Increase in price cuts could suggest housing market is cooling at last
Share of homes on the market that had their prices reduced reached a four-month high in March
After a year marked by bidding wars and above-ask offers, a new report has some welcome news for homebuyers: Price chops are coming back.
In the four weeks ending April 3, 12 percent of homes listed for sale in the U.S. had their prices reduced, according to Redfin, up from 9 percent a year ago and the highest mark in four months.
While that metric is only one data point — and price drops remain exceedingly rare — Redfin chief economist Daryl Fairweather suggested it may be a sign that the market is finally turning in buyers’ favor.
“It goes to show that there’s a limit to sellers’ power,” Fairweather wrote in the report. “There is still way more demand than supply, and buyers are still sweating, but sellers can no longer overprice their home and still expect buyers to clamor at their door.”
Though supply remains low in the housing market, mortgage rates are surging, potentially tempering demand as fewer prospective buyers apply for financing. As a result, sellers may be prompted to lower their asking prices or risk having their home languish on the market.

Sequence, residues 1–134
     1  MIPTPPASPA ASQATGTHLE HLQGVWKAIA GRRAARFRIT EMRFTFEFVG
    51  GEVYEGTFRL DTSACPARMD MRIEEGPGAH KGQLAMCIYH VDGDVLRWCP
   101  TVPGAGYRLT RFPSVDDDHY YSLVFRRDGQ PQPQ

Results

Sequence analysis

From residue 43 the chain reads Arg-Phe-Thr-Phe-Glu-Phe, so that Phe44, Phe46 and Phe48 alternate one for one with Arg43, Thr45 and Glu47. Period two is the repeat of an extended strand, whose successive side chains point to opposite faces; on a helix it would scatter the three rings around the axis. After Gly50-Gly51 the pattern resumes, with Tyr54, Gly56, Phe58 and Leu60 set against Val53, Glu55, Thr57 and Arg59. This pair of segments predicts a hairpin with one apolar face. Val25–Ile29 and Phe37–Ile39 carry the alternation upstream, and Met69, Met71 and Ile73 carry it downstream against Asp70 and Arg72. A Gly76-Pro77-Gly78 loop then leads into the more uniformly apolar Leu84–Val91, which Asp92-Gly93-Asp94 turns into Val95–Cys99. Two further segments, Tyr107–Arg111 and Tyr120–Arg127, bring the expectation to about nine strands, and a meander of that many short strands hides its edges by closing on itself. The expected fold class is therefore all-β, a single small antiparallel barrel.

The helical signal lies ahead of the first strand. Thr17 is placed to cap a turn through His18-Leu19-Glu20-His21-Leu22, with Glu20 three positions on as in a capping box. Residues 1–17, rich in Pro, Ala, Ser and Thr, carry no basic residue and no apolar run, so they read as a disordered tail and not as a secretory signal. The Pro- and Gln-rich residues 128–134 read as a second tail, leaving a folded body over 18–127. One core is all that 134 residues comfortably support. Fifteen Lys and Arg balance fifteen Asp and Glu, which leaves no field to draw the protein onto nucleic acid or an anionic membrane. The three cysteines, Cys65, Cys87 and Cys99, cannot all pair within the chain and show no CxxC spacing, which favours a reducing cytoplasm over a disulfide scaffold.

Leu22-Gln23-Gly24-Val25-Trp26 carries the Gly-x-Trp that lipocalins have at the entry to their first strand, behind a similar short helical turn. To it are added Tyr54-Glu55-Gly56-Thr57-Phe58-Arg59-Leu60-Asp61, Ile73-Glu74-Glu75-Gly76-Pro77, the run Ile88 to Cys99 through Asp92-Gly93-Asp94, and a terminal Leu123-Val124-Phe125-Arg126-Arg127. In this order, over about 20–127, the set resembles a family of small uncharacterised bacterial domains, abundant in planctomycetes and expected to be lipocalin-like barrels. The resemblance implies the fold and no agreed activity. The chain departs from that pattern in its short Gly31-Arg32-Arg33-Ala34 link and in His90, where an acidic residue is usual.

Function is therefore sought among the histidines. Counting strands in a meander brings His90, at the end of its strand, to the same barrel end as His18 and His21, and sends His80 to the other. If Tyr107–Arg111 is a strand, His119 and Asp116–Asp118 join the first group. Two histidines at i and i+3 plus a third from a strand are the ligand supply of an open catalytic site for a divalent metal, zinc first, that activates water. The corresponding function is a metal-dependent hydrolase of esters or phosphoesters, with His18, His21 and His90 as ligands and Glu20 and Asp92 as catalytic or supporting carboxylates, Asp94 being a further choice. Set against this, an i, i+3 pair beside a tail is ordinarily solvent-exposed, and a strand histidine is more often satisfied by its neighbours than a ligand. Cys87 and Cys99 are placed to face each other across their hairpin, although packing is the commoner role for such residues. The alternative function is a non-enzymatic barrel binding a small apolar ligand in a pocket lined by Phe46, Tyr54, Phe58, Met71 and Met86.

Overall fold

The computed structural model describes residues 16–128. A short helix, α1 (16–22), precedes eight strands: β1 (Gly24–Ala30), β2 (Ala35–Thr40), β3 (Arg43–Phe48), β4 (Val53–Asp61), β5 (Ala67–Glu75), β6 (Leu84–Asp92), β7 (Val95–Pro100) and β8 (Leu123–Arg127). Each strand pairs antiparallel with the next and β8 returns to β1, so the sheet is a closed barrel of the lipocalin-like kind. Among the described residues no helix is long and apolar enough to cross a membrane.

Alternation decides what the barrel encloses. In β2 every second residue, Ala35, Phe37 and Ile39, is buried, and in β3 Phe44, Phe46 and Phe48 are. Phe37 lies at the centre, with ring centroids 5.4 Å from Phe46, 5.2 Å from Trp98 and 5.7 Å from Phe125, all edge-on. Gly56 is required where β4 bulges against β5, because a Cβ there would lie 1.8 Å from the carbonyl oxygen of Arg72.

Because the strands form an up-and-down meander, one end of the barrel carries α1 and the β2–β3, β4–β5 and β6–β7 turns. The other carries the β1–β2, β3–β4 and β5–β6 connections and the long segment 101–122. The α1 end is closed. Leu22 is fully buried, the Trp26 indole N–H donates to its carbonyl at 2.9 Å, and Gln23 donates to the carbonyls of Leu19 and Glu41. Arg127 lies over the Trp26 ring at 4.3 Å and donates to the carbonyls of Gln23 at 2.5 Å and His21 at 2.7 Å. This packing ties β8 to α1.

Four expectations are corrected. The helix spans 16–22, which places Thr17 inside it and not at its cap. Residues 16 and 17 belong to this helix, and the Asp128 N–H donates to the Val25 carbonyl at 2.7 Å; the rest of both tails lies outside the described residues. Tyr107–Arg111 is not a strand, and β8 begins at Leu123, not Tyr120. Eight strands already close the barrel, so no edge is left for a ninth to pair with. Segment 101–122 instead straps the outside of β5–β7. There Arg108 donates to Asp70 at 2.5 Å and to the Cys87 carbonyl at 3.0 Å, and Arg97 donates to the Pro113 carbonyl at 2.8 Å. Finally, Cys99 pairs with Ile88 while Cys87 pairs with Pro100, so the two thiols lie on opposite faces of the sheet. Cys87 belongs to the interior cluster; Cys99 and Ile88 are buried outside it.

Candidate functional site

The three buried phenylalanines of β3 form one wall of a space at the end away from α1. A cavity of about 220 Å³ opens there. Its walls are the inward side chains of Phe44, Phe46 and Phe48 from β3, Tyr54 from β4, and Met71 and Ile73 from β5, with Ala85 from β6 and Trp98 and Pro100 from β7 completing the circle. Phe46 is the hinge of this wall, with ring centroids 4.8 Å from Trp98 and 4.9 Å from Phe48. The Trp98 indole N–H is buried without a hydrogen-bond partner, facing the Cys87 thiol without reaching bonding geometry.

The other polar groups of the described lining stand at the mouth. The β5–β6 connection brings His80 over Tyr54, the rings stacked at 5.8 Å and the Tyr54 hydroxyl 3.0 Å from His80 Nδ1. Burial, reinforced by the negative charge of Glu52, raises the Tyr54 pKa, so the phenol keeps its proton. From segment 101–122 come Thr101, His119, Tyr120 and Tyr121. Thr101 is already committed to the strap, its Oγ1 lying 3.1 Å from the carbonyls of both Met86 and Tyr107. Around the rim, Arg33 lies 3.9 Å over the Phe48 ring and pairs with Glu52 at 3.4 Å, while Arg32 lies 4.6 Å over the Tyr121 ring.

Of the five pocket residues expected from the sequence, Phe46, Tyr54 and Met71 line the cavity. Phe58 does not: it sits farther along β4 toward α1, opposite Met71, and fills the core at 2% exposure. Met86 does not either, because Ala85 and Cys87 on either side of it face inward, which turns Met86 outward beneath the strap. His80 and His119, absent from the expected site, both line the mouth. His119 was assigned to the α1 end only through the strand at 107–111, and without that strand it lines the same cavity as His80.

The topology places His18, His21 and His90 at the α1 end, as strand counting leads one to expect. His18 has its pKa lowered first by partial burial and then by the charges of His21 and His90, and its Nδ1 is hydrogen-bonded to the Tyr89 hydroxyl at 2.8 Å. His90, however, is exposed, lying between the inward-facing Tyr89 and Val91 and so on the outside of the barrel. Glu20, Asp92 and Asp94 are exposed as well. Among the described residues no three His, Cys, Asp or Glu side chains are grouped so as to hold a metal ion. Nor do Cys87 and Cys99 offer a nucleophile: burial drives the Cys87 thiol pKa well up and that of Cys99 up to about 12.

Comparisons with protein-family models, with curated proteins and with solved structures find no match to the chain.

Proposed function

Still, buyers don’t have a lot to celebrate yet, as prices continue to rise and available homes keep flying off the market. For the four-week period ending April 3, Redfin found that the median home price hit a record of $384,500. Monthly mortgage payments on median-priced homes also rose to a record $2,245 at a 4.72 percent rate.
A record 59 percent of homes that went under contract had an offer accepted within two weeks of hitting the market, while a record 45 percent had an accepted offer within one week. Homes that sold were on the market for a median of just 19 days.
“Buyers should be wary of bidding significantly over asking on newly listed homes, and to take a closer look at the homes that have been on the market for more than a week,” Fairweather wrote.